• Co-editor, with Esther Whitfield, Havana Beyond the Ruins. Cultural Mappings after 1989. Durham: Duke University Press, 2011.
  • Versionen Montezumas. Lateinamerika in der historischen Imagination des 19. Jahrhunderts. Mit dem vollständigen Manuskript von Oswald Spenglers Montezuma. Ein Trauerspiel (1897). Berlin, Boston: Walter de Gruyter, 2011.
  • Alejo Carpentier y la cultura del surrealismo en América Latina. Madrid: Vervuert-Iberoamericana, 2006.
  • Cuba: un siglo de literatura (1902-2002). Co-edited with Roberto González Echevarría. Madrid: Colibrí, 2004

 

Selected articles
  • *”Severo Sarduy y la radio.” Cámara de eco. Homenaje a Severo Sarduy. Gustavo Guerrero, Catalina Quesada, eds. México: Fondo de cultura económica, 2018.
  • “’Soy una Juana de Arco electrónica’: Severo Sarduy’s radio play ‘Dolores Rondón’. La Habana Elegante. Segunda época. 57 (November 2015). http://www.habanaelegante.com/November_2015/Invitation_Birkenmaier.html
  • ”Leonardo Padura and the New Historical Novel” A contracorriente 13.1 (Fall 2015): 13-25. Special issue: “Post-Detection Padura”. Eds. Guillermina de Ferrari, Vicky Unruh. http://acontracorriente.chass.ncsu.edu/index.php/acontracorriente/article/view/1417
  • “El linchamiento, el teléfono móvil y la gran ciudad: dos ficciones negras de Ena Lucía Portela.” Mitologías hoy. Revista de pensamiento, crítica y estudios literarios latinoamericanos (Barcelona) 10 (2014): 63-71. Special issue: “Una ventana a la obra de Ena Lucía Portela y a la narrativa cubana del siglo XXI.” http://revistes.uab.cat/mitologias/issue/view/19.
  • “Scenarios of Colonialism and Culture. Oswald Spengler’s Latin America.” MLN Hispanic Issue 28.2 (March, 2013): 256-276.
  • “Entre filología y antropología: Fernando Ortiz y el Día de la Raza.” Antípoda. Revista de antropología y arqueología 15 (Colombia) (July-Dec 2012). Special issue: “Antropología y literatura.” 193-221.
  • “Introduction: Is there a Post-Cuban Literature?” Review: Literature and Arts of the Americas 82. 44.1. Special issue: “Cuba inside and out” (May 2011). 6-12.
  • "El hispanismo en América. Literatura, estudios culturales y lingüística en el panorama actual." Nuevos hispanismos interdisciplinarios y trasatlánticos. Ed. Julio Ortega. Madrid: Iberoamericana-Vervuert, 2010. 199-213.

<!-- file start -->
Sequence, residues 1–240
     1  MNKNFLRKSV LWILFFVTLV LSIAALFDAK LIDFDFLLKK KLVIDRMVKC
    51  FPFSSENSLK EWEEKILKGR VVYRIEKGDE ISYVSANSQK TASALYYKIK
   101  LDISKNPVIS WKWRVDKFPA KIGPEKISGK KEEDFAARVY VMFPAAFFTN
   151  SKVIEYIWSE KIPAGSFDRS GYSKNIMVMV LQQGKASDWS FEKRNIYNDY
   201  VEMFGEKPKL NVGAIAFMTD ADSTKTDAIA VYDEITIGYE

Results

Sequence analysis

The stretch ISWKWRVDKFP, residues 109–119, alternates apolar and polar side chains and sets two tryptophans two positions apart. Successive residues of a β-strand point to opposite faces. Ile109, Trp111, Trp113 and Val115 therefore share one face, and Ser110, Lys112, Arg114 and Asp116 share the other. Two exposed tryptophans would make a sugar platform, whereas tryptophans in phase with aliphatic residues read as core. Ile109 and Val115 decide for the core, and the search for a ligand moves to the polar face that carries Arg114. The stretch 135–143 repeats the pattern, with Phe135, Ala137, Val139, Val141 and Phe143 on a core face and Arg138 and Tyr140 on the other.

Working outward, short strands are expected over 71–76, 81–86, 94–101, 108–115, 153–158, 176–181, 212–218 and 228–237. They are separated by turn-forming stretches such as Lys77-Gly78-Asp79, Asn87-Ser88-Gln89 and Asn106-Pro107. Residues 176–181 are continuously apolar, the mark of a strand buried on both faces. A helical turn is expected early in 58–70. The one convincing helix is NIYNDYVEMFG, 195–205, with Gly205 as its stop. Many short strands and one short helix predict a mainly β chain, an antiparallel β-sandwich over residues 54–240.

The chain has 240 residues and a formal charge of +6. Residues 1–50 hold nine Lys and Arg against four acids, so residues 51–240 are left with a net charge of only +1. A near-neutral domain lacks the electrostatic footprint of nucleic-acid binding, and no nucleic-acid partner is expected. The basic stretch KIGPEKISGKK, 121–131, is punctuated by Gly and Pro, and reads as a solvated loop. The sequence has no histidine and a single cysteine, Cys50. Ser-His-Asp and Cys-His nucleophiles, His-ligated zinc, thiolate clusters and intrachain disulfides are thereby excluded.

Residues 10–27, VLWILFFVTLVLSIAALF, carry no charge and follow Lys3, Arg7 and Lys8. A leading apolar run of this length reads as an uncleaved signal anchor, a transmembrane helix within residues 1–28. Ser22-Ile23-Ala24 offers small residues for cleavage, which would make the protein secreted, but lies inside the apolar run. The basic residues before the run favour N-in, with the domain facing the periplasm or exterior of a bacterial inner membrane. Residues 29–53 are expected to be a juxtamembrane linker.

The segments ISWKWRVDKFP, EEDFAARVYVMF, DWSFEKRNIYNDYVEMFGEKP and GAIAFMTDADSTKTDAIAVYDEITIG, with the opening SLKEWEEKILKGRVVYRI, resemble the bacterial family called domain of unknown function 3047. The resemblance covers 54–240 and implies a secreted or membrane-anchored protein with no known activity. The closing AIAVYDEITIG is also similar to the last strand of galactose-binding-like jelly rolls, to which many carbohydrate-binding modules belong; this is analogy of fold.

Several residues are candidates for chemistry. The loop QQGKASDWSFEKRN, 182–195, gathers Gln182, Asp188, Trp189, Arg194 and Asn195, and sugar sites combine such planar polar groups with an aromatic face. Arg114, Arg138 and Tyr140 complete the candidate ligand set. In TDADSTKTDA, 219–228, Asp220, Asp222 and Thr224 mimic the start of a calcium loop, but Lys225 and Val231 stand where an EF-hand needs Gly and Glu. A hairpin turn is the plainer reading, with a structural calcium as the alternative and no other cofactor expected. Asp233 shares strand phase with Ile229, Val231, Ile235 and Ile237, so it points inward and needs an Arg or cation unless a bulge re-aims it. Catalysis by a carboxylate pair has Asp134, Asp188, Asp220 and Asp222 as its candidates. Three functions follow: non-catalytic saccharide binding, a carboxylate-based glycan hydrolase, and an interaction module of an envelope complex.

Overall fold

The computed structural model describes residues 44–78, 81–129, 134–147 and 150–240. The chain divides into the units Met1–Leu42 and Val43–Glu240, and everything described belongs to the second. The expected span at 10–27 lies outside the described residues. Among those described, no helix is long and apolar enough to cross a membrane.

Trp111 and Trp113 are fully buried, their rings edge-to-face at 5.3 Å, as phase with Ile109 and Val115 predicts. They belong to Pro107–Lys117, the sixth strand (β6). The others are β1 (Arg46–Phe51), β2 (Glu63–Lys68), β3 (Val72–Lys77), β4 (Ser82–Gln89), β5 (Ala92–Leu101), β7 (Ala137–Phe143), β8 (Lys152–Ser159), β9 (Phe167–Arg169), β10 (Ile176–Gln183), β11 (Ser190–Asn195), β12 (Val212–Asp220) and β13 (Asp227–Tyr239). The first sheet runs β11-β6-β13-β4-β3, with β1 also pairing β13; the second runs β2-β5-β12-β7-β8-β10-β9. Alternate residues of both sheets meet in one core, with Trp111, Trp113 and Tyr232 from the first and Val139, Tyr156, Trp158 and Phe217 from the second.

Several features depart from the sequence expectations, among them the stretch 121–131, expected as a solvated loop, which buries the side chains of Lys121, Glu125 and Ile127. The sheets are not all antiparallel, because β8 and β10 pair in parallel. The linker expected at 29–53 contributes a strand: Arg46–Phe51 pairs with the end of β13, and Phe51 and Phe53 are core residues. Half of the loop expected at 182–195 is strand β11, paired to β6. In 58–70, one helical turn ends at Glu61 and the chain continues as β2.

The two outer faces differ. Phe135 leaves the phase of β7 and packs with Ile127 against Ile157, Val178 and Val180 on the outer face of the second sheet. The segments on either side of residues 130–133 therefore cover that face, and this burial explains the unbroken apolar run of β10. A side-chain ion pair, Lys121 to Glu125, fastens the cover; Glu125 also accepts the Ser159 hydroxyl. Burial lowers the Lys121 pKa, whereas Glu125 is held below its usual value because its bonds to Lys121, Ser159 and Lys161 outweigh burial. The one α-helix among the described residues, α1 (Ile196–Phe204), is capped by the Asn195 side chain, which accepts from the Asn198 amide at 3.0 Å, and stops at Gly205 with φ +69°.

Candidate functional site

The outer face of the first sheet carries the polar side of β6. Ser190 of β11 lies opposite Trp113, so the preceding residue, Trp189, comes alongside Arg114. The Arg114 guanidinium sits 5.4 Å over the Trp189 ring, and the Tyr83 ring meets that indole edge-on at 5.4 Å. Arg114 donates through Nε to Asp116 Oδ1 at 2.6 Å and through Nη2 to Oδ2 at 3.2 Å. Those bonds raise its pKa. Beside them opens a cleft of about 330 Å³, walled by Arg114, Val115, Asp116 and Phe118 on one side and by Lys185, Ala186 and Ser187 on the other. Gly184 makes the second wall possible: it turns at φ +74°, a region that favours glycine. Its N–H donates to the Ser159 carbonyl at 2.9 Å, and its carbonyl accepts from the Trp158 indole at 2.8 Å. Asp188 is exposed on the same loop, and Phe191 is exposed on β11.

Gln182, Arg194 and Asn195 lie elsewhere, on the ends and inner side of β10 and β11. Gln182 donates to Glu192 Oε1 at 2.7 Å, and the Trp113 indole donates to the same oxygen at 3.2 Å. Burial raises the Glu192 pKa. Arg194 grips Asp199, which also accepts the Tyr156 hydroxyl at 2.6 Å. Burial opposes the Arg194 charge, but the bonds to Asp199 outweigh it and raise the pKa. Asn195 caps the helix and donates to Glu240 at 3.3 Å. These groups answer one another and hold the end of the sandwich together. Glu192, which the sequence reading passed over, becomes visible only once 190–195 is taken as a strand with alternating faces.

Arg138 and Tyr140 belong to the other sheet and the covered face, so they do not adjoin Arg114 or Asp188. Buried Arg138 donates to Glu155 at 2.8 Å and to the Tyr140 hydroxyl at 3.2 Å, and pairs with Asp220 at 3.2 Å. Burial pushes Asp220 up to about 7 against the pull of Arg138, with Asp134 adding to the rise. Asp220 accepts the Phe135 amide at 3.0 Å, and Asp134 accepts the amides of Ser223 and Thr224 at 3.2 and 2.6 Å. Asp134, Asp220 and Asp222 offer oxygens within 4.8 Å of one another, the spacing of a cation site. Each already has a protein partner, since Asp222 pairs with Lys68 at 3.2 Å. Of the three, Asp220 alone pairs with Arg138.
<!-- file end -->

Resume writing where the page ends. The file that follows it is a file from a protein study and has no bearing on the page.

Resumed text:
• "Art of the Pastiche: José Manuel Prieto's Rex and Cuban Literature of the 1990s." Revista de Estudios Hispánicos 43. Special Issue: "Cuban Literature of the 1990s" (2009): 123-147.
  • "From Surrealism to Popular Art: Paul Deharme's Radio Theory." Modernism/Modernity 16.2 (2009): 357-374.
  • Dirty Realism at the End of the Century: Latin American Apocalyptic fictions."Revista de Estudios Hispánicos 40 (fall 2006): 489-512.
  • "Travestismo latinoamericano: Sor Juana y Sarduy."Ciberletras 7: "Homenaje al centenario de la independencia de Cuba" (2002).
  • "Más allá del realismo sucio: El rey de La Habana de Pedro Juan Gutiérrez." Cuban Studies 32 (2001): 37-55.

Teaching

  • Literature and Sound Studies in Latin America (HISP S688)
  • (Afro)Caribbean Circuits in Literature and Anthropology (HISP S688)
  • Literary Returns to Realism in the Americas (HISP S708)
  • U.S. Latino and/or Caribbean Literature (HISP S588)
  • Methods in Bibliography and Research (HISP S504)
  • Avant-Garde Movements in the Caribbean (HISP S688)
  • Modern Cuba (Global Experience: Spring Break in Cuba HISP X395)
  • Postrevolutionary Cuba (HISP S481)
  • Media and Literature in Spanish America (HISP S495)
  • Caribbean Culture: History, Literature, and the Arts (Study Abroad course, Dominican Republic, S324/A498)
  • Race, Culture, and Transculturation in Latin America (HISP S474)
  • Spanish American Prose Fiction (HISP S420)
  • Introduction to the Study of Hispanic Cultures (HISP S324)
  • Violence in Latin America (HISP S412) 

Honors & Awards

  • Humboldt Fellowship for Experienced Researchers (2010).
  • Premio Iberoamericano 2007 of the Latin American Studies Association (LASA) for Alejo Carpentier y la cultura del surrealismo en América Latina.
  • Whiting Fellowship in the Humanities (2003-2004).

Current research projects

  • “Reading Scenes: The Latin/o American Novel in the Age of Electronic Communication.”
  • Cuban Avant-Garde Journals